7. I like the way that I can easily see the number of hits each guide has had and also see other statistics of the use of the guides.

I think this post is now long enough, so I will sign off now, but come back to this subject again soon as my knowledge and use of LibGuides develops.

Finding my voice

Well, I toyed with calling this post “Dumb and Dumber”, but decided against it! Some of you may know that I have been struggling with my health for some time. I was off work last year for some months and am now managing to get in every day, which is great. However, my illness has resulted in me losing my voice for about the last eighteen months. I can only speak in a breathy whisper and cannot project my voice at all. This is very difficult for a school librarian. No, we don’t merely sit behind a desk stamping out the occasional book! In my school, I was just beginning to develop some classes teaching research skills and supporting reading development work before I was absent. This has been extremely difficult to pick nup again in my present circumstances.

Also, without a strong voice, I have felt unable to speak in other ways. I have neglected this blog and have not written much or communicated with many of my friends – I cannot really use the phone either! As you can imagine, this is very frustrating and annoying – particularly for someone like me who loves to talk.

It has been difficult to watch classes coming in to the Library and know that I cannot engage with the students in the way I would like. In my first couple of years, I was beginning to develop some nice teaching materials and plans to use with them. So, I got to thinking about how I could at least try to do some of the teaching again, whilst being careful not to strain my voice until the therapy I am having starts to have an effect.

One thing that was very successful with our students was using a wiki to engage them in writing about their reading development. I decided that I would try to introduce this to our Year 7 and 8 students. I had made a PowerPoint a couple of years ago and wondered if I could manage to use this to present to the classes. Then, I had a brainwave – why not record my commentary and play it back to each class? That way, I would only have to do this once and I would be able to re-use it as many times as I liked. Also, I would be able to do the recording at home in peace and quiet and take my time over it.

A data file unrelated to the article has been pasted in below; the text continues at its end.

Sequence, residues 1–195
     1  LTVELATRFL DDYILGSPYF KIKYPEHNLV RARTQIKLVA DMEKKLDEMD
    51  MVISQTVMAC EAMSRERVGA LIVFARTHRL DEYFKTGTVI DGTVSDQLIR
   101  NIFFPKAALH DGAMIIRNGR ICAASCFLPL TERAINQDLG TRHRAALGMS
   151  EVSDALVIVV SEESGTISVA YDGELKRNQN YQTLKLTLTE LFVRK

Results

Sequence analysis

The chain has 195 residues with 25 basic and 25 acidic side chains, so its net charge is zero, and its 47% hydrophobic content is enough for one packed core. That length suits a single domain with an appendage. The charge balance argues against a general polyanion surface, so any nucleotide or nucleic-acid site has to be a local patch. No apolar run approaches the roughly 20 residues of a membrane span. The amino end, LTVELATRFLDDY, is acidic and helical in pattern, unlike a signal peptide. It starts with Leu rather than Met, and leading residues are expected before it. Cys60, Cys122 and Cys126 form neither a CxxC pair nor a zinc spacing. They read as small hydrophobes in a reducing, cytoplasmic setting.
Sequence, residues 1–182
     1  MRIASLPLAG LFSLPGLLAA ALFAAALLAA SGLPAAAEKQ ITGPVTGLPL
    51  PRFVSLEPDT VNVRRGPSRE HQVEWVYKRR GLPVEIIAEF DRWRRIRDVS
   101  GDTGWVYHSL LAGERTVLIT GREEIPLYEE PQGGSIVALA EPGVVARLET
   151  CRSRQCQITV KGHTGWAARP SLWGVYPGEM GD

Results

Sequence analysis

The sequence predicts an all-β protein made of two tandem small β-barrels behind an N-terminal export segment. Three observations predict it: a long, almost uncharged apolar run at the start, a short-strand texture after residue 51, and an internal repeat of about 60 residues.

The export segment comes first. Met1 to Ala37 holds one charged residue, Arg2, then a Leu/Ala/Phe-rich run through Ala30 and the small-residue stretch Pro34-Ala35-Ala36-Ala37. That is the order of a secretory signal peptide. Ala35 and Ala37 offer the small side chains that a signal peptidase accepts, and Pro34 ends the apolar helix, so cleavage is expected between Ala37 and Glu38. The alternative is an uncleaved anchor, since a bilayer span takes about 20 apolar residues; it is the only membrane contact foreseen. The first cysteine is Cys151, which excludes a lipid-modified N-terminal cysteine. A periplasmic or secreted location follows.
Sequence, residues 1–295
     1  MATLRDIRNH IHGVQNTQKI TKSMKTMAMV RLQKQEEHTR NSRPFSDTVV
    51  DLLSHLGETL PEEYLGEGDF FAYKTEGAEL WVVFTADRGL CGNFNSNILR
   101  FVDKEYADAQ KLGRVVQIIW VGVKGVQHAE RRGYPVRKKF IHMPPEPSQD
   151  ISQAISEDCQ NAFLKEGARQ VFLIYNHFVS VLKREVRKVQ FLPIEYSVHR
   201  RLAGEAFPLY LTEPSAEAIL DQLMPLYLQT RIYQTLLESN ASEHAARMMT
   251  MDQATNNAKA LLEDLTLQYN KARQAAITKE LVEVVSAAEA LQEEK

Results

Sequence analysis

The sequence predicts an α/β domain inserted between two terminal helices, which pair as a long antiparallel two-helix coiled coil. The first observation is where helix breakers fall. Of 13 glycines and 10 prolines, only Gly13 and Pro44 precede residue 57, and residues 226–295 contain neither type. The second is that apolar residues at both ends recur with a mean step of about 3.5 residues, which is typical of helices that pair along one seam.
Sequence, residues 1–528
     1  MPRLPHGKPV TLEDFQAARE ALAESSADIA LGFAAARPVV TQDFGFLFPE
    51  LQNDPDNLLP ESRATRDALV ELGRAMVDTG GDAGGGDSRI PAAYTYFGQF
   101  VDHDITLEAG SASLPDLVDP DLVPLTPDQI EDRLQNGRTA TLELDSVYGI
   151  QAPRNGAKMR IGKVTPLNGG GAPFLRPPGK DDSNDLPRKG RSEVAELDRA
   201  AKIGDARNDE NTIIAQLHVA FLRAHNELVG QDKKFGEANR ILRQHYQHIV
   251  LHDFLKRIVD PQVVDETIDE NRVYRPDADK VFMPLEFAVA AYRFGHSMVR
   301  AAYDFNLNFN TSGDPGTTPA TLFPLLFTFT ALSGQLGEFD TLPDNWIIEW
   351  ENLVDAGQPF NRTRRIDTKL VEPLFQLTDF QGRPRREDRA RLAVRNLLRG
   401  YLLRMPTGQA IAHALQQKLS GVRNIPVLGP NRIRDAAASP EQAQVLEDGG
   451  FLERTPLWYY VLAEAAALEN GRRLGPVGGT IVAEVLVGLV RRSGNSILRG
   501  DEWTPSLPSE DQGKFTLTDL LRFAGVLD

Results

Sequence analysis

I know there is a function on PowerPoint itself to record a commentary, but I like to do things a bit differently. One of the ideas I have had throughout this new job is that I try to model examples of Web2.0 tools in my own teaching so that our staff and students can see them being used in practical situations. I have already used VoiceThread to do online presentations and I thought that our students would quite like it, so I used it to record my comments on each slide. In the lesson, I showed the class where I had the VoiceThread embedded in the Library Online website, then I ran it as a presentation. Our students are generally great and they showed such patience in listening to my strange voice. And they were allowed to giggle a bit!

Anyway, here it is:

Introduction to the wiki on VoiceThread (I can’t seem to embed it at the moment, for some reason!)

Living and learning with an iPad #2 First week

My iPad arrived on Monday 16th May at around 10.00 a.m. As I am not working mornings at the moment, I couldn’t resist opening the box and having a look. Having never owned anything by Apple before, my first impression was about how lovely even the packaging is – how sad is that!

I am only used to PCs and laptops, so even working out what to do with the iPad was odd at first. But it was very easy to see how to switch on, link to my laptop and get started. I played around with it for a while, then decided to read an iBook called  “The iPad 2 Starter Guide, by the Macworld Editors (available free from the iBook Store). It helps me to read something when I have already had a go at working things out for myself. I am now a dab hand at flicking, pinching and scrolling!

The pre-installed apps are things like a basic Calendar, Contacts, Notes and Maps and I quickly worked out how to get Mail to link to my Gmail. My husband is very non-techy, but he was fascinated by how the Maps worked. As I have only got the wireless version and not the 3G, he won’t be able to use it for navigation though.